Michael McMahon had a lot to say last night about the district he once represented in Congress,
But the predecessor to Michael Grimm, the indicted Republican representative, would not say whether he wanted to go back to Washington–even though every public step he’s taken so far indicates he’s hungry to get back in the political arena.
“No comment, no comment,” Mr. McMahon, a Democrat, repeatedly answered when the Observer pressed him about whether he wanted to return to Congress.
Mr. McMahon wore a coy smile.
The ex-congressman and city councilman appeared on a post-election panel at a meeting of the Bay Ridge Democrats in Brooklyn yesterday. The progressive club, which backed Democrat Domenic Recchia Jr.’s failed bid against Mr. Grimm, allowed Mr. McMahon to speak extensively about just what went wrong for Democrats last week–and show the small gathering of die-hard Democrats that he was not out of the political loop.
“The problem is that people did not vote,” Mr. McMahon explained. “You have a district that has a red DNA like this district has, it’s not insurmountable, it can be done, but it’s natural tendency is to vote Republican.”
“The turnout is low in this congressional district, you’re going to have a bad year for Democrats,” he added, arguing that when turnout drops in the district, “Republican performance goes up.”
Mr. McMahon’s future is suddenly bright after Mr. Grimm’s win. Now a lobbyist, Mr. McMahon is quietly floating himself as a candidate for a potential special election in the Staten Island and Brooklyn-based district if Mr. Grimm is found guilty on tax evasion charges and steps aside next year. The last Democrat to represent the swing district, Mr. McMahon would be a formidable candidate against whoever the Staten Island Republican Party nominates to run.
As Mr. McMahon himself explained, the ideologically polarized district–a northern chunk of Staten Island is overwhelmingly Democratic while its South Shore is packed with conservative Republicans–can be favorable to Democrats if turnout is high enough. Mr. McMahon won an open race in 2008, the year President Barack Obama was first elected, and fell to Mr. Grimm in 2010, when a national Tea Party wave and lower turnout blunted the Obama coalition that had powered Democrats everywhere. (Mr. McMahon declined to challenge Mr. Grimm in two subsequent cycles.)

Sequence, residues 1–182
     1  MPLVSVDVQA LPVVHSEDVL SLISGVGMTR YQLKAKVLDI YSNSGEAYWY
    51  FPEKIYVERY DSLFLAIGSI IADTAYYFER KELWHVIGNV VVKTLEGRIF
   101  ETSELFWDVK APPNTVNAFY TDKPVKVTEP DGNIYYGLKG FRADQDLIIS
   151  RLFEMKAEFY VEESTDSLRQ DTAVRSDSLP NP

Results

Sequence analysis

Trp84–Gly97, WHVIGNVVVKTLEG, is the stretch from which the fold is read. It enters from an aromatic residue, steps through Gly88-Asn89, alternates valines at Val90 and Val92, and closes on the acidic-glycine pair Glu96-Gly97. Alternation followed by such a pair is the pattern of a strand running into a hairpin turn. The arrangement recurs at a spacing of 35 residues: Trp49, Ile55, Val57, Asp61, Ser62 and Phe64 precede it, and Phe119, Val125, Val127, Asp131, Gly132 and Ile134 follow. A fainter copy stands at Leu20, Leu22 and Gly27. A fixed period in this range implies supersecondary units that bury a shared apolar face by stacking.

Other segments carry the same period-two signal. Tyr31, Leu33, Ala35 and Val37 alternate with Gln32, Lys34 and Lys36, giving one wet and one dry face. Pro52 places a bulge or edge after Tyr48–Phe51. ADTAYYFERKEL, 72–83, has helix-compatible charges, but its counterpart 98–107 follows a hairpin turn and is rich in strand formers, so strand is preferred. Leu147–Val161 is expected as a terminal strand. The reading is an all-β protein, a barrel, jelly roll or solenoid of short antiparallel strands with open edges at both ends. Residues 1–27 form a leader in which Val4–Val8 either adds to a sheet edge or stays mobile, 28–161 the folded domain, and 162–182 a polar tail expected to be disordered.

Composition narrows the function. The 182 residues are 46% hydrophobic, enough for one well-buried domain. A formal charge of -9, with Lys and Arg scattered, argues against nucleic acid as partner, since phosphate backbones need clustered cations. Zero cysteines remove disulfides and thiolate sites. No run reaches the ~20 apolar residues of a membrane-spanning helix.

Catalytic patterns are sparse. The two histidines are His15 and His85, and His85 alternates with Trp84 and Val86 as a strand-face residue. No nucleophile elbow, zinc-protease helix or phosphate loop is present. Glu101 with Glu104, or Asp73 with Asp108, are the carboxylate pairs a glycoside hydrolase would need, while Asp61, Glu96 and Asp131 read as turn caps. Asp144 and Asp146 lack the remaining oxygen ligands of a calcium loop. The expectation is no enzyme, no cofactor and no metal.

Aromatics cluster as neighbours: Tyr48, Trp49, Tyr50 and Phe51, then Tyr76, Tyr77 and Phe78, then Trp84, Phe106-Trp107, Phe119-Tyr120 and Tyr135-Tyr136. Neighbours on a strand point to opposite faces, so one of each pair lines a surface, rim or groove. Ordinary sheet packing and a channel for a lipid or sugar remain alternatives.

Mr. McMahon, perhaps distancing himself from unpopular liberals in the area like Mayor Bill de Blasio, said successful Democrats needed to cater to a wider ideological spectrum, tailoring a message to anxious middle class voters who may not care as much about how high the minimum wage rises. In a nod to the GOP voters he would need to win over again, Mr. McMahon even offered praise for former President Ronald Reagan, a Republican folk hero, as the type of politician who “projected leadership quality.”
“We have to work on a message that gets people out across the spectrum,” he said. “I understand the progressive message is the heart and soul of the Democratic Party but in districts like New York 11, we have to find a way as Democrats to broaden that message.”
Alluding to another panelist who praised Connecticut Gov. Dannel Malloy for sticking to his liberal guns and winning, Mr. McMahon said that strategy in certain places could only take you so far. “We have to find a way to include centrists and moderates so that the Democrats can have the majority to win because the progressives can win in certain contexts, but there’s not enough in places where we need to broaden that message. And that is true, in my opinion, in this congressional district.”
Though he never addressed his ambitions directly, Mr. McMahon said Mr. Grimm exploited the potential for a special election to woo voters away from Mr. Recchia. The counter-intuitive strategy, Mr. McMahon argued, motivated voters to choose Mr. Grimm as a way to either keep the seat in GOP hands or give the district another shot at having a new representative after many couldn’t bring themselves to support the gaffe-prone Recchia.
“He went on Geraldo Rivera and [said] well, ‘I get convicted, I’ll resign and there will be a special election.’ When I first heard that I said, ‘why would he even infer that he’s being convicted, right?'” Mr. McMahon recalled. “Their message was, if you vote for him–and even if you gotta hold your nose when you do it–we’ll get a special election because we don’t think this other guy [Mr. Recchia] is ready and we wanna hold the seat for a Republican.'”
The ex-congressman said he also heard voters saying that they would want to hold the seat for a “Staten Island Democrat, an assemblyman or a former congressman.”
Mr. McMahon also took a swipe at the Democratic Congressional Campaign Committee for mismanaging Mr. Recchia’s campaign. The former congressman fell out of favor with national Democrats after he voted against President Obama’s Affordable Care Act in 2010–it’s not clear yet that if Mr. McMahon ran again, the DCCC would offer the same robust financial support they gave Mr. Recchia.
“They don’t incorporate the local color and talent and opinion, so they do what they wanna do,” he said, arguing the amount of negative mail attacking Mr. Grimm for his indictment backfired. “Maybe people who we know are gonna vote, one or two of those mailings would be enough and then we gotta pivot off and make the case why we should vote for Domenic.”